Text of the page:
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Proper storage over the summer is key to extending the useful life of your laboratory’s sensors. Before you enjoy your well-deserved summer break, it’s a great idea to take stock of your Vernier probeware and make sure it’s correctly stored for the next few months.
For most of our sensors, this process is relatively simple; they just need to be clean, dry, and (ideally) stored in a temperature-controlled environment. However, some Vernier sensors require a little more TLC.
Getting these sensors ready for summer storage can take a bit of time, but it can ultimately save you time—and money—in the long run. Plus, storing your sensors correctly at the end of this academic year can help set you and your students up for success in the fall.
Here are some best practices for storing your sensors over the summer, as well as some helpful tips for caring for other Vernier technology.
pH and Oxidation-Reduction Potential (ORP) Sensors
Both pH and ORP sensors require wet storage. If these sensors dry out, it requires a lot of effort to revive them, if they can be revived at all. Before storing pH and ORP sensors for an extended period, be sure to inspect the following components:
Both kinds of sensors need to be stored upright or on their side so that the bulb is submerged in the storage solution. For pH sensors, be sure to take a pH reading to make sure the pH is between 3 and 5. If it’s not, check the pH in a freshly prepared buffer solution and then calibrate the sensor.
For more tips about pH sensor care, check out this blog post. You can also watch the video below.
To get these sensors ready for summer storage, the first step is to check the date printed on the module.
- If it’s older than three years, you will want to replace the module when you’re ready to use the ion-selective electrode.
- If it’s within the last two to three years, simply wet the sponge with about 10 drops of tap water—but do not let the tip of the ion-selective electrode touch the sponge.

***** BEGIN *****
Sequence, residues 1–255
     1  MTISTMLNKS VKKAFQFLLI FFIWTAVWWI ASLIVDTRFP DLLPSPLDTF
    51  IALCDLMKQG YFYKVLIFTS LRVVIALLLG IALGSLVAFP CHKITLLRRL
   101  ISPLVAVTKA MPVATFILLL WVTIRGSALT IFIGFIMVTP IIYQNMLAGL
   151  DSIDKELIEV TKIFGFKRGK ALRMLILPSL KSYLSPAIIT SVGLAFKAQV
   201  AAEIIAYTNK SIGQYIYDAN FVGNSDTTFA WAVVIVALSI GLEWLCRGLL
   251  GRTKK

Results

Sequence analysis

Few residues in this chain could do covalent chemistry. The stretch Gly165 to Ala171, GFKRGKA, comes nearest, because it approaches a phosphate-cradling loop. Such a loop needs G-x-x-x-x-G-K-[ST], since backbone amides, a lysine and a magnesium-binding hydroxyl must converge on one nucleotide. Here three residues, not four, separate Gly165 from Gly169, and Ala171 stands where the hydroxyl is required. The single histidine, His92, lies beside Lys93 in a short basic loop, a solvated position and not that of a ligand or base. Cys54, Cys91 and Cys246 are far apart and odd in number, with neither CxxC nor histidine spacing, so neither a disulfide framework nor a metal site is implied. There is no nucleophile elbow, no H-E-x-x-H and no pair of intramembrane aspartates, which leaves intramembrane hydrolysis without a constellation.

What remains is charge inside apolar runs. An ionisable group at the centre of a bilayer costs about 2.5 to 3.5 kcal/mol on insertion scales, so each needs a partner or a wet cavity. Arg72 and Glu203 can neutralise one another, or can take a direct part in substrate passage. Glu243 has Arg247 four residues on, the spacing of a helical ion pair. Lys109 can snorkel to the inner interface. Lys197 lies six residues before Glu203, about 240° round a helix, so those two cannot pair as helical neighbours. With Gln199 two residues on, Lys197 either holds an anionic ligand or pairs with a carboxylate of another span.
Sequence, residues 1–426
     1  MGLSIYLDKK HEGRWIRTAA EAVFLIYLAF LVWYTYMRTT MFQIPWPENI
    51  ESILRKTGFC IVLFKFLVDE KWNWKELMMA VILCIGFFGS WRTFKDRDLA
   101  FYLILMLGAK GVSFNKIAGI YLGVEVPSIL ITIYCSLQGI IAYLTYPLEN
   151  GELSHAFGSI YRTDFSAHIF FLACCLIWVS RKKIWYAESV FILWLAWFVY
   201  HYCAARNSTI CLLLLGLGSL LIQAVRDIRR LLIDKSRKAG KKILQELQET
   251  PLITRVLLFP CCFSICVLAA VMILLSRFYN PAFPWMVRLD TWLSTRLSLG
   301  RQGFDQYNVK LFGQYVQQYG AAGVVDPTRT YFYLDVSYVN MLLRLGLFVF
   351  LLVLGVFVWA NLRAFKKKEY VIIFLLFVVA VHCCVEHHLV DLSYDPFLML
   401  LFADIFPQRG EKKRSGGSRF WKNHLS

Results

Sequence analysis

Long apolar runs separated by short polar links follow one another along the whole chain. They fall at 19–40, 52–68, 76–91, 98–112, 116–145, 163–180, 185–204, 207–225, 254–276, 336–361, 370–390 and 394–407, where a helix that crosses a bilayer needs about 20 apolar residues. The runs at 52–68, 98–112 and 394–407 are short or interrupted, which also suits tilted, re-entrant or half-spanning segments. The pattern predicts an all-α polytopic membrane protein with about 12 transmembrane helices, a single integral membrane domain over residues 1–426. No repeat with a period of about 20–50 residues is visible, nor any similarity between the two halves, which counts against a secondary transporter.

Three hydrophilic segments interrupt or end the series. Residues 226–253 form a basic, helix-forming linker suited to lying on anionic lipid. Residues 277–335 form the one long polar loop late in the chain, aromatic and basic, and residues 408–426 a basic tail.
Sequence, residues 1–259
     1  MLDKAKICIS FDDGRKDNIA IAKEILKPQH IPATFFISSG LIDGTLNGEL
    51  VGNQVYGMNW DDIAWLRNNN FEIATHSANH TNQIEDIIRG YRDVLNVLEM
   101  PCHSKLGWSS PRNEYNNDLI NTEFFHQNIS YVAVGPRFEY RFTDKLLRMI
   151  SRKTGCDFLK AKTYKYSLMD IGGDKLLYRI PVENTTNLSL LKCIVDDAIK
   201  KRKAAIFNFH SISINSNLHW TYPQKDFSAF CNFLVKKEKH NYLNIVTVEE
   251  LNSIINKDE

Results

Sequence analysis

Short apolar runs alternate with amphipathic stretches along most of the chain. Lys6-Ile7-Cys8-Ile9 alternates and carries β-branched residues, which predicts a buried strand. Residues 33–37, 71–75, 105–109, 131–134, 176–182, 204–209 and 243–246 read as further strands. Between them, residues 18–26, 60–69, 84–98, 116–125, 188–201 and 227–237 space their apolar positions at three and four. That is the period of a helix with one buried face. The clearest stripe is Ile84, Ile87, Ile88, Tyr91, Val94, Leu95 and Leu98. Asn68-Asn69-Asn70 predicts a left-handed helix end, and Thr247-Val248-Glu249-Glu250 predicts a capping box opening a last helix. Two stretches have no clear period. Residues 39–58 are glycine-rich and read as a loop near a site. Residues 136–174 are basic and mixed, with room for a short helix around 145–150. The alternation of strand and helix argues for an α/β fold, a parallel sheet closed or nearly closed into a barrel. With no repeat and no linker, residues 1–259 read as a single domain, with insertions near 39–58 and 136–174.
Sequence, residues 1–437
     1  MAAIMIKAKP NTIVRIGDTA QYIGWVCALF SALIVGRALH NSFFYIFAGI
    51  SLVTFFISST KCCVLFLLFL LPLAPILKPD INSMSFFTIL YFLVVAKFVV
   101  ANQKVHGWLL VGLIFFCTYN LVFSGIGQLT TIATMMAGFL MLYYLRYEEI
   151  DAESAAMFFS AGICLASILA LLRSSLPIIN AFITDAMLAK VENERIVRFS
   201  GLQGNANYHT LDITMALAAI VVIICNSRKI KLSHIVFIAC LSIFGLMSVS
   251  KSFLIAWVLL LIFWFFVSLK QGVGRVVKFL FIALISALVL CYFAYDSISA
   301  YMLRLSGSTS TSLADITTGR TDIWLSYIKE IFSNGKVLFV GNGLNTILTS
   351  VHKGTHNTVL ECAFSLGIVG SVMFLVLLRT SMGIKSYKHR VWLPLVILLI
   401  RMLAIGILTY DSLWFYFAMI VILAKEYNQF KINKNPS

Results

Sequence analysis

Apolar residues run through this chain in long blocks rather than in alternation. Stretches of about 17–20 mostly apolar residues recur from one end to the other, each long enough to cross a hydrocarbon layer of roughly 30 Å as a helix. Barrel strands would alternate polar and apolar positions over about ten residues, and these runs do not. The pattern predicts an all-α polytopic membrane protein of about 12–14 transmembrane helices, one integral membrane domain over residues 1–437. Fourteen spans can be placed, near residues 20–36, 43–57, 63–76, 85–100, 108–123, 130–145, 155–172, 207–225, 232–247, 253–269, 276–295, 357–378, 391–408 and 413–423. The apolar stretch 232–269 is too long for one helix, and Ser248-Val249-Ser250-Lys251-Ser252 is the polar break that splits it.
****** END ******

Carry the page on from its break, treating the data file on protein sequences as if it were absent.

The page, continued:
The Chloride Ion-Selective Electrode is a special case; it doesn’t have a module, so there is no date to check. To get this sensor ready for summer storage, just clean the tip with the included polishing strips.
Check out the video below to see how you can calibrate a Go Direct® Nitrate Ion-Selective Electrode in our Vernier Graphical Analysis® app.
Oxygen Gas Sensors
The main thing to remember with these sensors is that they must be stored upright. Your best bet is to use the bottle included with your oxygen gas sensor.
In addition, the sensor should read about 20.9 percent. If it doesn’t, calibrate the sensor. This process will differ, depending on whether you have a cabled or Go Direct oxygen gas sensor. You’ll also want to check the voltage (cabled) or relative stability reading (RSR; Go Direct). Ideally, you’re looking for less than 1.8 V or RSR 55.
For dissolved oxygen probes, best practices for summer storage vary based on the model you have. Regular dissolved oxygen probes should be stored dry, but the Go Direct Optical Dissolved Oxygen Probe requires a damp sponge. In either case, the tip of the probe must be completely in a bottle.
Spectrometers and LabQuest®
And for our spectrometers, if you plan to collect data only via USB, you don’t have to reinstall the battery when classes resume—you need a battery in the device only if you’re collecting data via Bluetooth® wireless technology.
Looking to take a deeper dive into storing your sensors before the school year ends? Check out Summer Sensor Storage: The Ultimate Guide for Giving Your Sensors a Long Life. In this webinar, Colleen McDaniel and I share best practices to help you maintain and store your laboratory’s probeware over the summer.
And if you have questions, we’re happy to help! Contact us at firstname.lastname@example.org or 888-837-6437.
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